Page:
• 1/2 yard – lining fabric (I used corduroy, but any heavier fabric will work)
  • 1 yard – heavy weight interfacing (I like nonwoven nonfusible, but that’s just me)
  • 1 – 7″ zipper to match the lining fabric (optional)
  • 1 – magnetic bag closure (optional)
  • co-ordinating thread

Pattern Pieces:

  • A – cut 2 each in main, lining and interfacing
  • B – cut 2 each in main and lining
  • C – cut 1 in lining (optional – patch pocket)
  • D – cut 1 in lining (optional – zippered pocket)

Cut 1 bird in lining fabric (or any other contrasting fabric you like) – mark the eye location but do not cut.


1. Baste both interfacing pieces to the wrong side of each main fabric piece A around all edges, or if you have fusible interfacing iron the interfacing pieces to the wrong side of each main fabric piece A.

2. B is the strap pieces. Put one of the main fabric strap pieces against one of the lining strap pieces, wrong sides facing out. Stitch down both long edges, so that you have a long tube with open ends. Repeat with the other two strap pieces.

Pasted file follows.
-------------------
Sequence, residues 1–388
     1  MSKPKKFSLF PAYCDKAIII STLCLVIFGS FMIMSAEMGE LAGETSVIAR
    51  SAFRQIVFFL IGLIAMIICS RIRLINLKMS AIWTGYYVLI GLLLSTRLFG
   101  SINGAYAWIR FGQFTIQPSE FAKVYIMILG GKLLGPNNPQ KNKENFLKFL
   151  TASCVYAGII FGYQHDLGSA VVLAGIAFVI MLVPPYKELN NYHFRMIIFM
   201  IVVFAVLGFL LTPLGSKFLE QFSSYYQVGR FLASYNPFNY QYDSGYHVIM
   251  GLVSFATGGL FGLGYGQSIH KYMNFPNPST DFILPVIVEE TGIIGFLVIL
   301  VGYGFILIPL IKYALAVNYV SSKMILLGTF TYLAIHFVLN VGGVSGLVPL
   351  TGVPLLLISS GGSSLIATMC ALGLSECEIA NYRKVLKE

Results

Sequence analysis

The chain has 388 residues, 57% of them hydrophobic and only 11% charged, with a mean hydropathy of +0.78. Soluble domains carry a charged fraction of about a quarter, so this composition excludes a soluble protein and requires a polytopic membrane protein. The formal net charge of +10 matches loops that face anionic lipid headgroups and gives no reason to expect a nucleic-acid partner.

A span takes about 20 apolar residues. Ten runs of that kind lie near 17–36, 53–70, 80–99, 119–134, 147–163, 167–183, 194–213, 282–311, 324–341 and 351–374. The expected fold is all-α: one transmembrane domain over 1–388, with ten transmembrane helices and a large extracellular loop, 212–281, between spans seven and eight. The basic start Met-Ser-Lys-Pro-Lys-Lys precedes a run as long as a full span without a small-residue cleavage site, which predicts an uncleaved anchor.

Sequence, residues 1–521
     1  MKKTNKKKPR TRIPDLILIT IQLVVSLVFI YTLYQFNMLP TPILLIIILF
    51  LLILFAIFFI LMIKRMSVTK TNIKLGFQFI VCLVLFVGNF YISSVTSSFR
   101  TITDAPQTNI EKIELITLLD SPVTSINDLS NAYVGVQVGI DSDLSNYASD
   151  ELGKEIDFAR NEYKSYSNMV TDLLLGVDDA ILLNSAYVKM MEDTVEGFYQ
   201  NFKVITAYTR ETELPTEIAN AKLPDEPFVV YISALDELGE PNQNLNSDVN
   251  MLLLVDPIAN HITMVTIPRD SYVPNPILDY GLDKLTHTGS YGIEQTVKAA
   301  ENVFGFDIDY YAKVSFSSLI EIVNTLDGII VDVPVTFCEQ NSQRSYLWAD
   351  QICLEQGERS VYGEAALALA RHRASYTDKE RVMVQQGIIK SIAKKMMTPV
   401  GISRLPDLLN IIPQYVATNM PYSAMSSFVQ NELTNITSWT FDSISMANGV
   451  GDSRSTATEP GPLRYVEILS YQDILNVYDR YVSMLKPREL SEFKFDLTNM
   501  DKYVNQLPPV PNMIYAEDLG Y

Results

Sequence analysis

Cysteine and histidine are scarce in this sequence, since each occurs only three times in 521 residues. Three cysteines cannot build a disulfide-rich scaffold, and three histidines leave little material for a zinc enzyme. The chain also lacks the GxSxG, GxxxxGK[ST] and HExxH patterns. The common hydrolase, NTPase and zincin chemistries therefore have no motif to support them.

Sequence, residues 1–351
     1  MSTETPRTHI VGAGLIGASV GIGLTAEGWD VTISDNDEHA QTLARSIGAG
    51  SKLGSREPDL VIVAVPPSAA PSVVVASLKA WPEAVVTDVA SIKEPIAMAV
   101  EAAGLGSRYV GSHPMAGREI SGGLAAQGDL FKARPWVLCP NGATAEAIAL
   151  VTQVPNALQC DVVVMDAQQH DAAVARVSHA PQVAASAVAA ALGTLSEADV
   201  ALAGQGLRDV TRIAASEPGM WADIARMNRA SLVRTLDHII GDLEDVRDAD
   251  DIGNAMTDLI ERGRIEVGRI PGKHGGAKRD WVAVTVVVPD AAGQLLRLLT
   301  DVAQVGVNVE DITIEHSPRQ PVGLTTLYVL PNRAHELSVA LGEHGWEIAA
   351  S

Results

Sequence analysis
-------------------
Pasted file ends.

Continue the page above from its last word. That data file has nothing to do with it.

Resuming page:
3. Turn the straps inside out so that the right side is facing out, press and topstitch down the long edges.

4. If you plan on adding a patch pocket, fold and press one of the long edges down 1/4″ on piece C, and then fold and press 1/2″ down. Stitch along the folded edge to make the top hem of one of the pockets.

5. Fold piece C in half along the long edge and press. You are marking the centre point along of 10″ width. Press 1/2″ under on the remaining 3 raw edges. Position the pocket, right side up, on the right side of one lining piece A. It should be positioned 2 1/2″ inches from the top edge (as shown in the pattern pieces), with the folded centre line located 8″ from either side (you know, roughly in the middle).

6. Topstitch around the bottom and sides of the pocket, and down the centre fold, to make 2 pocket compartments.